Biology, Physics, and Astronomy
There are many ways to step into an exciting research opportunity as an undergraduate. Just ask Lourdes Velazquez, who participated in several mentorship programs before she landed a research position in a lab as a freshman.
Lourdes is a biology major minoring in physics and astronomy. A junior, she has worked in Professor Deborah Fygenson’s physics lab since the second half of freshman year and was one of the authors of a paper published in February 2009 on DNA and fluorescence called “Hairpins with Poly-C Loops Stabilize Four Types of Fluorescent AgnDNA.”
In the study, Lourdes and her fellow researchers worked with a graduate student to investigate the generation of fluorescence in small strands of DNA that are treated with silver nitrate and a reducing agent. The goal is to discover what causes the fluorescence and, ultimately, how light interacts at a very small scale, on the order of nanometers. With that knowledge, researchers might then use it to act as a tracer in the body, for example, Lourdes explained.
Working with a small strand of DNA, they focused on the hairpin loop of cytosines and used different combinations of the silver nitrate and the reducing agent to get different colors of fluorescence. The more silver nitrate that was added, the more red the fluorescence; the less silver nitrate, the greener the color. While the team was successful in reporting these results, more work in the lab will help them determine what actually creates the fluorescence and what causes the changes in color, she says.
Even though she’s a biology major, Lourdes’ mentors are encouraging her to consider focusing more on physics. She plans to get her master’s degree and then perhaps teach at the community college level before deciding whether to pursue a Ph.D. and possibly a research career.
Lourdes first got interested in science in high school when she took a biology class from an excellent teacher. Then she took an astronomy class at her local community college and fell in love with that science as well. She was accepted into an apprentice researcher program through the California NanoSystems Institute (CNSI) at UCSB in the summer after her junior year of high school. She worked with mentors in a biochemistry lab, which turned out to be the decisive factor for her choosing to apply to UCSB, she said. Then the summer after graduation she attended a two-week Summer Institute in Mathematics and Science (SIMS) program at UCSB.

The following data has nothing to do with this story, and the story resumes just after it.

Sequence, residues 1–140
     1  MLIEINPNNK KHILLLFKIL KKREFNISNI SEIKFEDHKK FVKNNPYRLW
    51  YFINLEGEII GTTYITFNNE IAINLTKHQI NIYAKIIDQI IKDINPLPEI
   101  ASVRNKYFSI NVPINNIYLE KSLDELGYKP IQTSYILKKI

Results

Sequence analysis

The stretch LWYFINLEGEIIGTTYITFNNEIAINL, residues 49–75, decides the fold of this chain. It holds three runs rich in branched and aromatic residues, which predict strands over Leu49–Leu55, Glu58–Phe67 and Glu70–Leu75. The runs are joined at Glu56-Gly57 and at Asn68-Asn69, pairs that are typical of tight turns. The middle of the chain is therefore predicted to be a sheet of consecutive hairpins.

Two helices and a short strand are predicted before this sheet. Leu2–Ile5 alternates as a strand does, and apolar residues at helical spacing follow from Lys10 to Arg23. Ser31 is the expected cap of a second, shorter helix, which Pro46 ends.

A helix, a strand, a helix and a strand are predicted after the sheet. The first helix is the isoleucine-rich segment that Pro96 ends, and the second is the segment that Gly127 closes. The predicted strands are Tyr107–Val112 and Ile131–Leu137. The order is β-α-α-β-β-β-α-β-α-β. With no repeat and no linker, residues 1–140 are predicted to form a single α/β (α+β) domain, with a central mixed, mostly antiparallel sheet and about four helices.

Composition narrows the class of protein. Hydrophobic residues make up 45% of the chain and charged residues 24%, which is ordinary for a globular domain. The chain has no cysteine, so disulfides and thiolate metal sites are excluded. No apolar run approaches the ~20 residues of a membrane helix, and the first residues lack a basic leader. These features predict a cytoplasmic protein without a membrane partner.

Coming in as a freshman was easier having done those programs, she says.
“You’re not as intimidated. You already have friends in the program so you feel so much more comfortable.”
Once she arrived, she joined the Society for the Advancement of Chicanos and Native Americans, a club that supports and encourages minority students in science pursuits. By the middle of her freshman year, she was accepted into Professor Fygenson’s physics lab as an undergraduate researcher, and plans to continue that work through her junior year.
“I would also recommend the CAMP (California Alliance for Minority Participation) program,” Lourdes says. A nationally funded program offered through UCSB’s Materials Research Laboratory, CAMP is a 10-week intensive research experience for eligible students interested in a career in science, engineering, technology or mathematics. Lourdes attended it the summer between her freshman and sophomore years.
If you’re interested in scientific research at UCSB, Lourdes says take advantage of the many programs available. They are stepping stones to success.